By Alon Goren

At this point, most enterprises are dabbling in generative AI or planning to leverage the technology soon.

According to an October 2023 Gartner, Inc. survey, 45% of organizations are currently piloting generative AI, while 10% have deployed it in full production. Companies are eager to move from pilot to production and start seeing some real business results.

However, enterprises getting started with generative AI often run into a common stumbling block right out of the gate: They suffer analysis paralysis before they can even begin using the technology. There are tons of generative AI tools available today, both broad and highly specialized. Moreover, these tools can be leveraged for all sorts of professions and business purposes—sales, product development, finance, etc.

With so many choices and possibilities, enterprises often get stuck in the planning phase—debating where they should deploy generative AI first. Every business unit (and all of the business’s key stakeholders) wants to own a part of the company’s generative AI initiatives.

Things can get messy. To stay on track, businesses should follow these guidelines when experimenting with generative AI.

Focus On Specific Use Cases With Measurable Goals

Enterprises need to recognize that every part of the organization can benefit from generative AI—eventually. To get there, however, they need to get off the ground with a pilot project.

How do you decide where to get started? Keep it simple and identify a small, specific problem that exists today that can be improved with generative AI. Be practical. Choose an issue that’s been challenging the business for a while, has been difficult to fix in the past and will make a visibly positive impact once resolved. Next, enterprises need to agree upon metrics and goals. The problem can’t be too nebulous or vague; the impact of AI (success or failure) has to be easily measurable.

With that in mind, the pilot project should have a contained scope. The purpose is to demonstrate the real-world value of the technology, build support for it across the organization and then broaden adoption from there.

If organizations try to leverage AI in too many different ways and solve multiple problems, it’ll cause the scope to grow out of control and make it impossible to complete the pilot within a reasonable timeframe. Ambition has to be balanced with practicality. Launching a massive pilot project that requires extensive resources and long timelines is a recipe for failure.

What’s a good timeline for the pilot? It depends on the circumstances, of course. Generally speaking, however, it should only take a few weeks or a couple of months to execute, not multiple quarters or an entire year.

Start small, get something functional quickly and then iterate on it. This iterative approach allows for continuous learning and improvement, which is essential given the nascent state of generative AI technology.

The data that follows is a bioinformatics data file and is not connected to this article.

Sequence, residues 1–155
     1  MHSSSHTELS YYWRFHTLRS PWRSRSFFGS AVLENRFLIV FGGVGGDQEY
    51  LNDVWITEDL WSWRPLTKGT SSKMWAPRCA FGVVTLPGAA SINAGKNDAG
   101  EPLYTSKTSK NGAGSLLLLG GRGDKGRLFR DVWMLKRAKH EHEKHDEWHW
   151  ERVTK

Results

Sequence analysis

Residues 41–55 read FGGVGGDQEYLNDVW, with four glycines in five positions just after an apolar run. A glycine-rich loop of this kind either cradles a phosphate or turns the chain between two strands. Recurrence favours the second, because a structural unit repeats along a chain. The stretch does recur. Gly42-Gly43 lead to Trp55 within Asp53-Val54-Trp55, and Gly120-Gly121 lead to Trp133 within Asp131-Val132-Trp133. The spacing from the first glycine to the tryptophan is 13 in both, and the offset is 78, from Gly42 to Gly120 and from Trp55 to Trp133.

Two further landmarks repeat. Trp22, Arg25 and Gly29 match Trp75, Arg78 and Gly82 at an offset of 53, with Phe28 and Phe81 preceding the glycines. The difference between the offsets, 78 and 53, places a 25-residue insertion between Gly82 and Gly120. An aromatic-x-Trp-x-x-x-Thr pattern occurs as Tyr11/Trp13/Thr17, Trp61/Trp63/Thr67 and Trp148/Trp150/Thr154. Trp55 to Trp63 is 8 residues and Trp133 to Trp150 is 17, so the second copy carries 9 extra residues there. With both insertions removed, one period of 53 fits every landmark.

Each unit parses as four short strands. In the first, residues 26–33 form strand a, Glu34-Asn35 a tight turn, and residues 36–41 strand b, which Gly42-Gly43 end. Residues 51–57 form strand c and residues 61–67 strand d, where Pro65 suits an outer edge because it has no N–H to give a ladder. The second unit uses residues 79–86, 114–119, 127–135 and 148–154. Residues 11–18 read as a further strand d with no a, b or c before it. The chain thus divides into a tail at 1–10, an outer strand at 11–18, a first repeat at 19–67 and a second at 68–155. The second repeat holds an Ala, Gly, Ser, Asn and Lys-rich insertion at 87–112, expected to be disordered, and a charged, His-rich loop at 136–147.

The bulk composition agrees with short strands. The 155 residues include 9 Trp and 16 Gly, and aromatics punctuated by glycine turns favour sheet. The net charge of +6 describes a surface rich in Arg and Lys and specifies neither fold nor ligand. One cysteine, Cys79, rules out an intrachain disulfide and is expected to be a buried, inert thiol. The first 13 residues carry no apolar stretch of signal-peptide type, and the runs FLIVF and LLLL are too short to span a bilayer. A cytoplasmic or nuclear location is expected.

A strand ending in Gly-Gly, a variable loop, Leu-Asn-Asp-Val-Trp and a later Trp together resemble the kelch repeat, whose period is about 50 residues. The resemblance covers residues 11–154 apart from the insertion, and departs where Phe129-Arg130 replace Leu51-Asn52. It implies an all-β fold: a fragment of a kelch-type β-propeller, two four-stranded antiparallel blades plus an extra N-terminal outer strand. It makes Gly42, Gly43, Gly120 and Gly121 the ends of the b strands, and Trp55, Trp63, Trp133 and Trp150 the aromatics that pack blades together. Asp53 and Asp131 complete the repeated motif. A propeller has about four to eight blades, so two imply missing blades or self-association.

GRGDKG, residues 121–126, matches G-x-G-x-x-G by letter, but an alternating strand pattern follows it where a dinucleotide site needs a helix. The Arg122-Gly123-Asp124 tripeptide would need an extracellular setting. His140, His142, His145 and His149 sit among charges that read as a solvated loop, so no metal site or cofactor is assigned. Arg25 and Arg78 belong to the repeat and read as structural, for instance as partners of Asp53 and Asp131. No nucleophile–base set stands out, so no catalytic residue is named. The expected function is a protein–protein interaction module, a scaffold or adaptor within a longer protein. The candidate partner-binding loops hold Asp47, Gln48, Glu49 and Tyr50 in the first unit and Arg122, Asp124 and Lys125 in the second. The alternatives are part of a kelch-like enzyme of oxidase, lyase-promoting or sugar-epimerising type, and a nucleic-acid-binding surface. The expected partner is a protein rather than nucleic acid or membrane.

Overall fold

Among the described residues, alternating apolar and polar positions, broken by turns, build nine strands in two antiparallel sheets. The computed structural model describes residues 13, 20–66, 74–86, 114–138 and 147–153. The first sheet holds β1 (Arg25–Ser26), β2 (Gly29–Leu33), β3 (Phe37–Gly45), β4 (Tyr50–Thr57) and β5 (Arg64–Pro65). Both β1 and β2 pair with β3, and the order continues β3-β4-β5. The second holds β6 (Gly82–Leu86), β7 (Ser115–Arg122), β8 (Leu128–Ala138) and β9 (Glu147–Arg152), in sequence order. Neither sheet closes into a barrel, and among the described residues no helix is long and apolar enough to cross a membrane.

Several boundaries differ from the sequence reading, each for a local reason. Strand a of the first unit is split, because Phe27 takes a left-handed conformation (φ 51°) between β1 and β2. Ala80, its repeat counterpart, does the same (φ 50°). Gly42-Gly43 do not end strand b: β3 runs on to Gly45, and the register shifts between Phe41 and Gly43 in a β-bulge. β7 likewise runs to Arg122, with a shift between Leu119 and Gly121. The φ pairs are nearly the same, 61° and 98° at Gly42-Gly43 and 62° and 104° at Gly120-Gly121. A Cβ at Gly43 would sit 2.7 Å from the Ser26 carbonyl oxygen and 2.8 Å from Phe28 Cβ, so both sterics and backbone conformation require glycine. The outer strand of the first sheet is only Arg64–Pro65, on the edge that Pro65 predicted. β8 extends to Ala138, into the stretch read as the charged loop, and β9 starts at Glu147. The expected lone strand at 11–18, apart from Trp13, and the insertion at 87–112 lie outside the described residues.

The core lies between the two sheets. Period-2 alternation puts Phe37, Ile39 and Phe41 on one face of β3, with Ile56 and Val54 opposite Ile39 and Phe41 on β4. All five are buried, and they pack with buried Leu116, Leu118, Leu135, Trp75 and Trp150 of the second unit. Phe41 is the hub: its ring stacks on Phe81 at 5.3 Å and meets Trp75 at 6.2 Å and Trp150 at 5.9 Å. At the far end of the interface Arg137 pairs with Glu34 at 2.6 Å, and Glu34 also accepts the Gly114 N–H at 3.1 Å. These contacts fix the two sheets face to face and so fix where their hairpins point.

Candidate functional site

Organizations must also be sure to keep humans in the loop from the very beginning of the experimentation phase. The rise of AI doesn’t render human expertise obsolete; it amplifies it. As productivity and business benefits increase with generative AI, human employees become even more valuable as supervisors and validators of AI output. This is essential for maintaining control and building trust in AI. In addition, the pool of early participants will also help champion the technology throughout the organization once the enterprise is ready to deploy it widely.

Finally, once the project has begun, organizations have to stick with it until it’s complete. Don’t waste time starting over or shifting to other use cases prematurely. Just get going and stay the course. After that’s been completed successfully, companies can expand their use of generative AI more broadly across the organization.

Choosing The Right Technology

The other major component of the experimentation phase is selecting the right vendor. With the generative AI market booming, it can seem impossible to tell the differences between one solution and another. Lots of noisy marketing only makes things more confusing.

The best way to cut through the noise is to identify the requirements that are most important to the organization (e.g., data security, governance, scalability, compatibility with existing infrastructure) and look for the vendor that best meets those needs.

It’s extremely important to understand where vendors stand on each of these things early on to avoid the headache of discovering that they don’t really check those boxes later. The only way to do that is by talking to the vendor (especially its sales engineering team) and seeing these capabilities demoed first-hand.

Get Ahead Of The Competition With A Strong Start

Within the next couple of years, I expect almost every enterprise will employ generative AI in production. Those wielding it effectively will get a leg up on their competition, while those struggling will be at risk of falling behind. Though the road may be uncharted, enterprises can succeed by focusing on contained, valuable projects, leveraging human expertise and selecting strategic technology partners.

Don’t wait. Embrace this unique opportunity to innovate and take that crucial first step now.

Feature Image Credit: GETTY

By Alon Goren

Follow me on LinkedIn. Check out my website.

CEO and Cofounder of AnswerRocket. Read Alon Goren’s full executive profile here.

Sourced from Forbes

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